April 20, 2015 3 min read
The Hario V-60 dripper is quick and easy to use, can be cleaned effortlessly, and brews great-tasting coffee. Here are some tips on how to get the most out of it.
The dripper first appeared at the beginning of the last century, hundreds of years after coffee was first discovered. It’s used for what is known as ‘pour-over’ coffee, which is not only delicious, but quick and ridiculously easy to brew. This brewing system is perfect for tasting specialty coffees or for those from individual origins, as it brings out the beans’ more subtle flavours. Moreover, considering the results it produces, this filter holder is very inexpensive.
The Hario V60-02 dripper must be used with Hario V-60 filters. This filter holder allows you to make up to 240 millilitres of coffee at a time in under two minutes, and is made of ceramic, a material that effectively keeps the liquid warmth.
One of the most popular manual brewing methods among baristas, this filter holder can be used along with a myriad of accessories. For example, there is the dripper stand, scales made specifically for drip brewing, filters of all kinds... And most importantly, since the consumer has complete control over the brewing process, it becomes very easy to play around with the dripper, like by changing the grind, the brewing time, the quantity of coffee, etc. Once you fall in love with this brewing method, a whole new world of possibilities opens up!
You should choose a filter grind (coarse) for this brewing system, even with the filter, as the coffee and water are in contact for quite some time. With just one hole at the bottom, the filter holder is great for regulating flow, while brewing the coffee more delicately.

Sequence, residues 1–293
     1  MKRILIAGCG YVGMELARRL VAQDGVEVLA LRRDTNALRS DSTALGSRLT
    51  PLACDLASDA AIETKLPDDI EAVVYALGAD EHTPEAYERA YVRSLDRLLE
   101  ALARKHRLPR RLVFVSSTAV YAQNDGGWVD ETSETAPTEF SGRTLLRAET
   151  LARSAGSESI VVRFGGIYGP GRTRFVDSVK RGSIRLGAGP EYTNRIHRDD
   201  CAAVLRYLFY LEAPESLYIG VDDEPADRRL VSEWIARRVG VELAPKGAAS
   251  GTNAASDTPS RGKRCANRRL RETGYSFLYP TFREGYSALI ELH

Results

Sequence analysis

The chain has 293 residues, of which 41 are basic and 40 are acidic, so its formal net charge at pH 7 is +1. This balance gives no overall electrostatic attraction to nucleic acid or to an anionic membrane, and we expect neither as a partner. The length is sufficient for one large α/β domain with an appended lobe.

The dripper, whether a Hario or another brand, will always produce a tasty coffee, since the water and the coffee are in contact for a long time. This means that the beans’ qualities, as well as their defects will be highlighted once brewed. As mentioned above, this is great if you want to test your coffee’s origins.
There’s virtually no blend that can’t be used with the dripper. The resulting flavour profile will be determined primarily by the choice of coffee, along with other variables, including the amount of coffee used and the grind of the beans.
You can easily find the right coffee and water weight ratios if you work with a scale, which offers maximum precision. You can also put your cup and dripper on a scale and perform all the steps by weight rather than the ingredients’ volume.
Place the dripper on a clear cup (to watch out for overflow) with a minimum capacity of 12 oz.
Fold the corner of the paper filter cone before placing it in the dripper.
Boil 2 cups of water, then pour into a teapot or container with a fine spout. This shape will be very useful for the next steps.
Once the water has cooled to 95°C, wet the filter and empty the cup of any water.
Place 2 to 3 level tablespoons of coarsely ground coffee in the filter and make a small depression in the center of the coffee. Note that the grind, the amount of coffee used, and the roasting profile will determine the resulting flavour profile.
Gently pour a small amount of hot water into the center, making small circles towards the outside, until the coffee’s entire surface is covered with liquid.
Wait 20 to 30 seconds. This step, which is designed to release the coffee’s gases, is called blooming.
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